Recalling the spectrum of old/new flavors that typify his café, Steigerwald’s pizza toppings range from classic (such as the Margherita, with fresh mozzarella, tomatoes and basil) to dashingly avant-garde. Try a pie with house-made coppa, soft egg and arugula—or one with laughing bird shrimp, chiles and scallions.

If your wait for a table in the café or wine bar reaches into the evening, just relax. Order a bottle of something you’ve never tried before. Talk to the friends you traveled with. Meet new ones. Or simply gaze out the windows and take in a stretch of the Lincoln Highway.

117 First St. W., Mount Vernon; 319.895.4041;

From 1997 to 2012, Wini Moranville wrote more than 600 restaurant reviews for The Des Moines Register. She currently produces a monthly wine column for Relish, a food magazine distributed through newspapers nationwide. In 2011, after spending stretches of the past 20 summers in France, she published “The Bonne Femme Cookbook: Simple, Splendid Food That French Women Cook Every Day”(Harvard Common Press). Find Moranville on Facebook, where she shares tips on Des Moines’ food and dining scene at All Things Food DSM—Wini Moranville. Or follow her blog at

Robyn Schwab, of Robyn Photography in Lisbon, Iowa, usually takes pictures of weddings. As a result, her shots of the bustling Lincoln Cafe staff posed few challenges. Learn more about Schwab at

Though always a memorable indulgence, the Lincoln Café isn’t the only culinary jewel you can find off Iowa’s freeways. Detour down some side roads and try these four exemplary cafés.

Café Dodici
After 25 years in Italy, local girl Lorraine Williams returned to this southern Iowa farming community and brightened the town square with a lively Italian restaurant. Her clients include farm boys taking their dates out on Saturday nights as well as Europhiles fondly remembering Venetian vacations amid the café’s ornate décor. Williams’ menu pleases everyone, with steaks and pork chops as well as artfully crafted Italian-American fare (meatballs, for instance, are homemade, and the chicken Parmesan tucks cage-free birds beneath a signature tomato sauce).
122 S. Iowa Ave., Washington

The Café
It takes daring to showcase kale and whole grains in a main-dish salad—and impressive talent to make said salad taste like more than standard-issue health food. On a recent visit, The Café’s kitchen pulled that off. Its kale salad sparkled, thanks to a wonderful grapefruit vinaigrette. And a bonus of beady beluga lentils added unexpected grace.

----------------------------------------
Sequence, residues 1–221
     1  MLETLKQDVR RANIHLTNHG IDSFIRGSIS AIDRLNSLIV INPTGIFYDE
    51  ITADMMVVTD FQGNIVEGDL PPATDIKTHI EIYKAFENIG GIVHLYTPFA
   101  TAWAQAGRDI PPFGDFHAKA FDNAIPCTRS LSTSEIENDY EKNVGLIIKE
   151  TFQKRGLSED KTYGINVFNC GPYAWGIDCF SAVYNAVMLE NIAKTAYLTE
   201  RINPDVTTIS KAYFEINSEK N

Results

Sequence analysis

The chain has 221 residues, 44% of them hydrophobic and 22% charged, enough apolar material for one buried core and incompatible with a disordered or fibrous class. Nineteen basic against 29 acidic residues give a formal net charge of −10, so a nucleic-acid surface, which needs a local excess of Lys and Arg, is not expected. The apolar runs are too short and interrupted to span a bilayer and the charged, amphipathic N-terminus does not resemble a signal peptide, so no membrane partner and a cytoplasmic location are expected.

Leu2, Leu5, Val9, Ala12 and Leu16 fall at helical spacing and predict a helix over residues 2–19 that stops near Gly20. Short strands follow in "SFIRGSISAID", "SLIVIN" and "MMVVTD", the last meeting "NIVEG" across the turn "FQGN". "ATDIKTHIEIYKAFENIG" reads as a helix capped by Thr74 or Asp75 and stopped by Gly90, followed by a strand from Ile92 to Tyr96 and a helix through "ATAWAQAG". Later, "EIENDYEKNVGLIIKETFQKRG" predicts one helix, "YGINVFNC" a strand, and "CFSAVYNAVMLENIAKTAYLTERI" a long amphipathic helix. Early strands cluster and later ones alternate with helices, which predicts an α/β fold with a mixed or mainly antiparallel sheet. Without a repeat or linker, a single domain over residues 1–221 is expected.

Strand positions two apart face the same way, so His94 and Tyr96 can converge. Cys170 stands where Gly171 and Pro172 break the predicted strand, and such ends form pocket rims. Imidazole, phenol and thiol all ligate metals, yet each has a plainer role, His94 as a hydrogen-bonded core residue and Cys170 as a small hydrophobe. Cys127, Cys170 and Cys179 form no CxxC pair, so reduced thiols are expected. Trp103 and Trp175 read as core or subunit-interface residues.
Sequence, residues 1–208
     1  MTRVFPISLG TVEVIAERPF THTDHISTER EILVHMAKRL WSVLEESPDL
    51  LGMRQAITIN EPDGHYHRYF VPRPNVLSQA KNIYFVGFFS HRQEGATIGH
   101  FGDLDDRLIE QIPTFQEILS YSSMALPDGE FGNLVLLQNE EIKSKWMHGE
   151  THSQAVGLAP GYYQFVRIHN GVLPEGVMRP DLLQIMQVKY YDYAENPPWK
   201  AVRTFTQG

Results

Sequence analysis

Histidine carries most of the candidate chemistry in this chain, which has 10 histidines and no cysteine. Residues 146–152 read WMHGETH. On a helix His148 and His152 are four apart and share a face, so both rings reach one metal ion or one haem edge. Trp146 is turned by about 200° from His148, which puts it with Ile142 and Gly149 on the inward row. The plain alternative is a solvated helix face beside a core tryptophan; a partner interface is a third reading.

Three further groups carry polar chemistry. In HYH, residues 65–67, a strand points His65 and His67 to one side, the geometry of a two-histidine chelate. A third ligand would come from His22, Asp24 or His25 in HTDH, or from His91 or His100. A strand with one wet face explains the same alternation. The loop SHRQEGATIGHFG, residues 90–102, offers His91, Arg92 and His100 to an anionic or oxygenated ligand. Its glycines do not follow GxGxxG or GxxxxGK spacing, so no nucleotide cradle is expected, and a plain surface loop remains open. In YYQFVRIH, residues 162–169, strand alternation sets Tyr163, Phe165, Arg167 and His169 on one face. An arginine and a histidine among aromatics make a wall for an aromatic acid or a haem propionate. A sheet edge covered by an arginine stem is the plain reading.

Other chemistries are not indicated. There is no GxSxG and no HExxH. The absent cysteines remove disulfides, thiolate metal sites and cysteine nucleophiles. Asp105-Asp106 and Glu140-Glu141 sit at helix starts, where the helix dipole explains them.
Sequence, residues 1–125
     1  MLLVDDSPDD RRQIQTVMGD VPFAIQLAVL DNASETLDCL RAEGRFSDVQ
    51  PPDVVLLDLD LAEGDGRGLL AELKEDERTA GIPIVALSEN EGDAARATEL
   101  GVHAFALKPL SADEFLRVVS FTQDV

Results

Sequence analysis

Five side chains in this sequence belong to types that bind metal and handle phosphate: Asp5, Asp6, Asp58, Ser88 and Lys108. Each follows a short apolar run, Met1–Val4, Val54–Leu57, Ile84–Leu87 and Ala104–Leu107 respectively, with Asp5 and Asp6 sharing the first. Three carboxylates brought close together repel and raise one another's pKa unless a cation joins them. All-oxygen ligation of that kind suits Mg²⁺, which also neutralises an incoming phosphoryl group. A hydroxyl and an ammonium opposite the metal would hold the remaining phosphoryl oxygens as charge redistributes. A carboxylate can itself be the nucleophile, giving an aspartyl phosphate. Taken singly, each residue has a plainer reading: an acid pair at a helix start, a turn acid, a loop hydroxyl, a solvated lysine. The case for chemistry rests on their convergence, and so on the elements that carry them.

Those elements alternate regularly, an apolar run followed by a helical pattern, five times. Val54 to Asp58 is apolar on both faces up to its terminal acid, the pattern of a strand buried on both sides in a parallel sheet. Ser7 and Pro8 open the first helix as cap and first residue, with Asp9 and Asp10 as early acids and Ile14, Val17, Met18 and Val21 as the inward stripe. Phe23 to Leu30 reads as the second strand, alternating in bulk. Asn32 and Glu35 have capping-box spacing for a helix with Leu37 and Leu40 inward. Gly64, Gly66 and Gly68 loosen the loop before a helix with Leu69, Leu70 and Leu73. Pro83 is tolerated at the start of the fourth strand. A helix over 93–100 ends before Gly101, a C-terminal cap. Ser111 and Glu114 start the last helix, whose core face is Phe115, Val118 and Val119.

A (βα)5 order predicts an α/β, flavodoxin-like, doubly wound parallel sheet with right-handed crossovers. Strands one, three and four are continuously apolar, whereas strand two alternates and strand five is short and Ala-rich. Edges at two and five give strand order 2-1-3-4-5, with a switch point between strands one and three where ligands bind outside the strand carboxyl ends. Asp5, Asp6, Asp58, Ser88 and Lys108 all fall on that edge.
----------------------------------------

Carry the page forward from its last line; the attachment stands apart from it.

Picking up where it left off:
In a time when “fresh, local and seasonal” menus arrive punctuated with high prices, The Café brings vibrant, carefully sourced food to its tables at far better rates. Warm and jovial, this is the sort of place where you could energize any listless evening with a $10 chipotle pork pizza or an $18 duck breast with mole poblano and scarlet runner beans.
2616 Northridge Parkway, Ames

Dixie Quicks
Council Bluffs
Long a mainstay in Omaha, this café and art gallery moved in late 2011 across the Missouri River to downtown Council Bluffs. You’ll find a savory, comforting mix of Southern, Cajun, Tex-Mex and Southwestern food in a space where contemporary art and tabletops shellacked with lurid ’70s pulp-fiction covers deftly funk up an old storefront. If you stop here for Sunday brunch on your way home from a weekend in Omaha, order the Dixie Scramble. Its thick disks of sausage arrive topped with an addictive substance called tomato butter.
157 W. Broadway, Council Bluffs

La Rana Bistro
Buying directly from farmers isn’t anything new for Joanie Sheahan, who owns this charming 40-seat restaurant with her husband, Mark Smeby. Thirty years ago, Sheahan moved to Decorah from Berkeley, Calif. Back then, she worked with Decorah’s Seed Savers Exchange, preserving and sharing the seeds of heirloom produce well before today’s foodies used “heirloom” and “vegetables” in the same sentence. A decade ago, Smeby and Sheahan opened their farm-to-table restaurant. Here, the names of growers and producers are featured prominently on the menu, in such dishes as Grass Run Farms Hanger Steak with Charred Tomato-Onion Salsa. Housed in a well-worn building complete with a creaky screen door, La Rana is an unadulterated delight.
120 Washington St., Decorah